The referendum on whether the UK should leave the EU shows how big the influence of fake news is. The British voted for Brexit after supporters spread the lie that the National Health Service would get an additional £ 350 million a week if the country left the EU. During the US presidential campaign, the candidate Hillary Clinton was vilified in several ways – alternatively as the leader of child pornography rings or as an Al-Qaeda and ISIS sympathiser. In the end, the winner was Donald Trump, someone who probably knows more about fake news than politics.
The ties between the American president and Russia are currently under investigation. Troll factories, which use bots to spread false information online on behalf of the Russian government, are suspected of having had a relevant important impact on the US election.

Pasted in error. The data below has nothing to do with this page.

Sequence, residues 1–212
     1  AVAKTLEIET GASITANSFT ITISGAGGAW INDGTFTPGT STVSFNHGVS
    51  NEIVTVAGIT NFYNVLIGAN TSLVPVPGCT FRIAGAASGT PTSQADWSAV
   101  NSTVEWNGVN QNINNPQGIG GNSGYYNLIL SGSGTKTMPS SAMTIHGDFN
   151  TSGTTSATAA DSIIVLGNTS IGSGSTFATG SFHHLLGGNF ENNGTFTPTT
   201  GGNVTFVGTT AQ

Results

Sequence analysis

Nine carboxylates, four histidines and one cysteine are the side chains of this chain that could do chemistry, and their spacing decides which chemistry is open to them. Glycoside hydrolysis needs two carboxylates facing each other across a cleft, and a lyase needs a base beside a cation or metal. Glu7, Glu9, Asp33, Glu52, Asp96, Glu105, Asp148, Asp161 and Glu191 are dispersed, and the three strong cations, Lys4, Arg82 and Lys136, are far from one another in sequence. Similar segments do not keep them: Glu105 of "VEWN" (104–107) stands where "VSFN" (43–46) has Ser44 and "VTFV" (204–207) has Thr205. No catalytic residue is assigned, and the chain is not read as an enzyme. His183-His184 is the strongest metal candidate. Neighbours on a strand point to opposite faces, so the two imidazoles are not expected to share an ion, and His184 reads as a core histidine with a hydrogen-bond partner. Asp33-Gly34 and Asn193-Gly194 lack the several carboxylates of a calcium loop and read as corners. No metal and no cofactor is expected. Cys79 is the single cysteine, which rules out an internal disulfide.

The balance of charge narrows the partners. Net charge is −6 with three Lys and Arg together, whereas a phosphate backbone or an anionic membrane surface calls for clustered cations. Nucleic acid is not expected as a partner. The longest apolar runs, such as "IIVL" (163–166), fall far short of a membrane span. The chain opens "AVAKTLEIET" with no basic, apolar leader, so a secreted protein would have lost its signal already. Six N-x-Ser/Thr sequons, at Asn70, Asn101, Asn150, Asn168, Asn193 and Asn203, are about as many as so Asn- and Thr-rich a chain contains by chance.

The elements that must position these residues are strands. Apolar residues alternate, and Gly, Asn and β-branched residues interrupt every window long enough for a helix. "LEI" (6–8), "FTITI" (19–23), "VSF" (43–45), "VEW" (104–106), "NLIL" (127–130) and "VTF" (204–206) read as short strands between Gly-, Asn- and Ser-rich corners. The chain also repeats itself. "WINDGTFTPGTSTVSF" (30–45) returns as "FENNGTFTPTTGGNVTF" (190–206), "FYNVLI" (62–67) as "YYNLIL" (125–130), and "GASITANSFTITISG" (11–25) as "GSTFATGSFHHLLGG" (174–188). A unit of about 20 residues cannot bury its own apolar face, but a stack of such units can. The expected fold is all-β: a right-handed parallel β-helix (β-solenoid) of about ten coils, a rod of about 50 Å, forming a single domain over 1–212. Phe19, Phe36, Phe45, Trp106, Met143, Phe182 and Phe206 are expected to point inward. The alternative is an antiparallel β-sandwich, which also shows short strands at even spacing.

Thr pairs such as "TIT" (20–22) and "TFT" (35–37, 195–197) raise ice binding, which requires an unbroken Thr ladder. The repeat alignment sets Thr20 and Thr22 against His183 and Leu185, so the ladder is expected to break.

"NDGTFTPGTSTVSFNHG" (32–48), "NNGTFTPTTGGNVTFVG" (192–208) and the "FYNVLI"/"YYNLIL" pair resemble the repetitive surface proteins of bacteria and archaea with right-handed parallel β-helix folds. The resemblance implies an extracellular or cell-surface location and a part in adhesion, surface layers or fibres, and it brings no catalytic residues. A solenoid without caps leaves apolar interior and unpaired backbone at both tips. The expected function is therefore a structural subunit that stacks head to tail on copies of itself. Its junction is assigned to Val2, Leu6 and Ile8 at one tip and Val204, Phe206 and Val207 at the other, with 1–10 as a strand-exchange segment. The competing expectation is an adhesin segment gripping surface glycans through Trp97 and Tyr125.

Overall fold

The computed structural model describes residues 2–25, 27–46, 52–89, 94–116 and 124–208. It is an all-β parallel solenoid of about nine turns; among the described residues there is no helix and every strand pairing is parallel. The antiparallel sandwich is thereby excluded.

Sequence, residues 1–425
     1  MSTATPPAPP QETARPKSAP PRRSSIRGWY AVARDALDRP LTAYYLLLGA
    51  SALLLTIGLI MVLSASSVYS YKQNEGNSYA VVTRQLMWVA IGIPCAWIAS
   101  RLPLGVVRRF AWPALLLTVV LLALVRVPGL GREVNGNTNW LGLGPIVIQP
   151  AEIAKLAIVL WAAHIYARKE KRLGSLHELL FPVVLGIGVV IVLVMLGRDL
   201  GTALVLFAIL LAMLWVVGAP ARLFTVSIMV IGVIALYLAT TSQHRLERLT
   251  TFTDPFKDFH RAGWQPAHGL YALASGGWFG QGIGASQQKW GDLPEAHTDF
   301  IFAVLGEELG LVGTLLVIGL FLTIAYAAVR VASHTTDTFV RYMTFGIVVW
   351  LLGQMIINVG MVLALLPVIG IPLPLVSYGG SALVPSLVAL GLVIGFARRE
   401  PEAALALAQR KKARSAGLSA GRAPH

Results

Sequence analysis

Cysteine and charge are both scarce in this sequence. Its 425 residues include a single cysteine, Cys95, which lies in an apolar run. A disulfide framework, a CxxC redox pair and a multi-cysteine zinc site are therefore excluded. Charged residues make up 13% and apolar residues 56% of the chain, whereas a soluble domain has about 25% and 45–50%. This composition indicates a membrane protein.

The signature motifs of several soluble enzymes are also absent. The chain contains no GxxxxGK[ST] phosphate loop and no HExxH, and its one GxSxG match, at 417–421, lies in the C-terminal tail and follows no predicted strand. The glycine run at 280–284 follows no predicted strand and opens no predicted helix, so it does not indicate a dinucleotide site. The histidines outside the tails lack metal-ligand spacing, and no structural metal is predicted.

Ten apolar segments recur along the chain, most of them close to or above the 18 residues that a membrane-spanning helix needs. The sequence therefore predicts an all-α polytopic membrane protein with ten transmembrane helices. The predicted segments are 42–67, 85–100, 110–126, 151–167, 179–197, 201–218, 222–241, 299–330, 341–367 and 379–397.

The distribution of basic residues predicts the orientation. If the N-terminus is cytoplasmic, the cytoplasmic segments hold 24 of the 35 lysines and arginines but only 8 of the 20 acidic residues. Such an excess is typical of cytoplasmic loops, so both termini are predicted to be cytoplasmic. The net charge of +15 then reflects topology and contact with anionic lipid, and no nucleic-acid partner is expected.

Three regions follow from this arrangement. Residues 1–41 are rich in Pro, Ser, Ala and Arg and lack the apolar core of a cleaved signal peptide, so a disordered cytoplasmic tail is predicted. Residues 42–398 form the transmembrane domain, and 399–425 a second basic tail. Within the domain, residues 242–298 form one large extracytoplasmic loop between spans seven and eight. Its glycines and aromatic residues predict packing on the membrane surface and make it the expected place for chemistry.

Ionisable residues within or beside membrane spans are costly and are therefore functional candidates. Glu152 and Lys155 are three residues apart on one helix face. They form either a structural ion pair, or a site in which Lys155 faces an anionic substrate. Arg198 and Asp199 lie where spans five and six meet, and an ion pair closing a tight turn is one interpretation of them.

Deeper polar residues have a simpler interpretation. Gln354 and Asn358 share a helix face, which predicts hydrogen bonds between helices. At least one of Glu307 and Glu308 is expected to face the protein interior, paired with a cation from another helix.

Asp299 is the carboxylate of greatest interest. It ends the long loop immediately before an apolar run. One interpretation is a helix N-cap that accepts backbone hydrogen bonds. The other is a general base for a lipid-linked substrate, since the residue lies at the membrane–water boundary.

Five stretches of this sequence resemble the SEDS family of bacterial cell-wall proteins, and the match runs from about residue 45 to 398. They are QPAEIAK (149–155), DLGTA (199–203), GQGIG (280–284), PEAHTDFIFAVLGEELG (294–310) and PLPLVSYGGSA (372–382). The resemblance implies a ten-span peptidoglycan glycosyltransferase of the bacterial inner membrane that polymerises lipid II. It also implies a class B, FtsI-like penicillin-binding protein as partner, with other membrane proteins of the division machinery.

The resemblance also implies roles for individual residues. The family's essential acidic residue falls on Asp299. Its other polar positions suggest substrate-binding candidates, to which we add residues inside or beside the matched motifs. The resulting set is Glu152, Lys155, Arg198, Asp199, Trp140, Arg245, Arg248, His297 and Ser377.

During Kenya’s presidential election campaigns in 2017, fake videos circulated on social media. They supposedly showed CNN and BBC reports, using fake numbers to show that the incumbent, Uhuru Kenyatta, had a significant lead over his opponent, Raila Odinga. The fact that Kenyatta’s victory was met with only limited protest that did not escalate into the kind of violence that occurred after the 2007 election may be linked to voters’ exposure to such fake news. Portland, a consulting firm, did a survey of 2,000 Kenyans, and 90 % of the respondents reported seeing fake news before the election.
On social media, fake news is not only politically motivated, but also a profitable business. Only in August 2017 did Facebook come up with the idea to block ads from pages that are known to repeatedly spread disinformation. Facebook argues that this measure will make it unprofitable to continue to do so. The ban is lifted, however, if a page stops the behaviour.
Private accounts pose a larger problem. Facebook refuses to give researchers access to anonymised data about the production and spread of fake news via private accounts. The multinational corporation justifies this stance by emphasising users’ privacy rights. At the same time, the protection of privacy never seemed to matter much when Facebook cooperated financially with data brokers. That is what the most recent data scandal shows.